Yes well noticed, I am an anti-zionist and proud to be so. Not as the result of some pathology as you assert, but as a result of reflecting on the actuality of the Zionist project, its costs to the people of Palestine and the region which have been immense. It is the same reason that I am critical of all such projects, whether it is Indonesia in East Timor or Irian Jaya (forgive my spelling), Europeans in the Americas, France in North Africa and Indochina, Nazi Germanys plans for Eastern Europe, South Africa throughtout the most of the twentieth century or indeed what happened in the Indian sub-continent or any form of imperialising or colonizing other peoples lands and lifes.

I am pragmatic enought to realise that Israel is here to stay, but it should minimally return to its 1967 borders and allow the Palestinians real prospects for a normal existence in the 22% of Palestine that is the West Bank, Gaza and East Jerusalem. It should also recompsense those (and their descendants) who were ethnically cleansed in 1948 aswell as returning the Golan to Syria. I am becoming more and more persuased that a one secular state solution is ideal though I have concerns about the practicalities in such a polarised situation. One wonders what you consider to be a reasonable way forward? And I would like an answer, if you wouldnt mind.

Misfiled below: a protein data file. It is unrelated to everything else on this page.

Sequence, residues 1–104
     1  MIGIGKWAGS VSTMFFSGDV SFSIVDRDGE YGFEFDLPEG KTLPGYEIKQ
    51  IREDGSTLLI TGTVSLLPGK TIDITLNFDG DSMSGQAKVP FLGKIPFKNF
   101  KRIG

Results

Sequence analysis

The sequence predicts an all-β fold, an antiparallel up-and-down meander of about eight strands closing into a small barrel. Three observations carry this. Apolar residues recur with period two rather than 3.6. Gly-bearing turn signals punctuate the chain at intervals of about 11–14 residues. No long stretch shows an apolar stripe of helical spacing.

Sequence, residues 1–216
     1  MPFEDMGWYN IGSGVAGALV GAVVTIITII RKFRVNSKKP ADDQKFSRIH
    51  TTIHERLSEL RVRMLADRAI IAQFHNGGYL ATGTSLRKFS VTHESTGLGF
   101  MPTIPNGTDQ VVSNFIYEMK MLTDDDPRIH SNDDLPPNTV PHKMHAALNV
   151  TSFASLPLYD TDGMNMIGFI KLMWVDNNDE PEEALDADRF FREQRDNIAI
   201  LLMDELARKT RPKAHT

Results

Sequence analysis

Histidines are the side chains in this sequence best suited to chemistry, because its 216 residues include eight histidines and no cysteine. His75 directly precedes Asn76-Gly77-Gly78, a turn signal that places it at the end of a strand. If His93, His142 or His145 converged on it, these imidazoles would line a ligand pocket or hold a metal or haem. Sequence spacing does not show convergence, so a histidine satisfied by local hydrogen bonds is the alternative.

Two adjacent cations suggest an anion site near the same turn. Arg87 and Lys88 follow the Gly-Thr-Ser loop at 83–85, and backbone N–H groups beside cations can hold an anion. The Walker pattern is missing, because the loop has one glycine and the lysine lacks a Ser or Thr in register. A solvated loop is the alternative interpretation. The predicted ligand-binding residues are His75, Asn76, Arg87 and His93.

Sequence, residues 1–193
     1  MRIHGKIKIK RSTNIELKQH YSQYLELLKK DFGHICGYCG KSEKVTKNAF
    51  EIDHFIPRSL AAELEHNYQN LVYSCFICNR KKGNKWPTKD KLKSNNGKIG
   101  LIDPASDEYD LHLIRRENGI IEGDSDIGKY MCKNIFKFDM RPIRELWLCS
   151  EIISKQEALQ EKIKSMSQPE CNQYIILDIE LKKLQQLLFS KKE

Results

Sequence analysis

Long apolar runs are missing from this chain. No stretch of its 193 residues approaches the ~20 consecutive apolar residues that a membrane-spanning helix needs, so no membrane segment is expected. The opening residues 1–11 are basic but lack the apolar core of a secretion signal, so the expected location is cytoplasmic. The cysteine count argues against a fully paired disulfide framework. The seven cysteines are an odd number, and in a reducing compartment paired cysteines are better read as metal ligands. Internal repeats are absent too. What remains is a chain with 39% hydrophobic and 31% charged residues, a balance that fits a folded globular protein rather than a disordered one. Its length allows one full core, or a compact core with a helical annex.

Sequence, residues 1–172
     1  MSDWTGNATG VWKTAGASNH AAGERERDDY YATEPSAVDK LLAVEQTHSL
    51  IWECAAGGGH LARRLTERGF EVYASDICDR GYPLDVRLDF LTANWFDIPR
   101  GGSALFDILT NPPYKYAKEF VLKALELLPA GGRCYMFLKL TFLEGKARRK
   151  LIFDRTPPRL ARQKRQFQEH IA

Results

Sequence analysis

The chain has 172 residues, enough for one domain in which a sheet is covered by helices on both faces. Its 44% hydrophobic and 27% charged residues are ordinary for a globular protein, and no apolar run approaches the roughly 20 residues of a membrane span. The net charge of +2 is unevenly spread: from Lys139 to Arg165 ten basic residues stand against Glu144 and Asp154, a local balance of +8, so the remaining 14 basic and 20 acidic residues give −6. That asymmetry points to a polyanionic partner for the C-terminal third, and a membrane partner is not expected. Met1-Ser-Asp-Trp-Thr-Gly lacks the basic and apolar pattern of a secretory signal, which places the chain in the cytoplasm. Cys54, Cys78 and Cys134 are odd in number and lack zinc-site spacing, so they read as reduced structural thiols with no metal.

In reply to an earlier post on 24 Oct 2009 12:16:43 BDT
Last edited by the author on 24 Oct 2009 12:19:38 BDT
We went over the Tantura "massacre" in detail under Karsh's book review, it is a perfectly open and shut case. The only thing to be said in Pappe's case is as were quoted, he is openly unconcerned about historical facts. Philosophically he is happy to just talk about "narratives", which is lucky because no one has ever been able to dig up any actual historical documentation to back up his claims - which is presumably why he resorted to claiming a document from the archives was from the IDF chief of Staff - it was wasn't - and that it talked about massacres - it didn't. Again to reiterate he is open about this, it is not some underlying plot to discredit him - he is perfect capable of discrediting himself. A quick exercise if you think he is a serious historian, check the primary documentation he uses to support his claims... do a quick count of the number of primary documents he quotes vs what a serious historian such as Morris uses.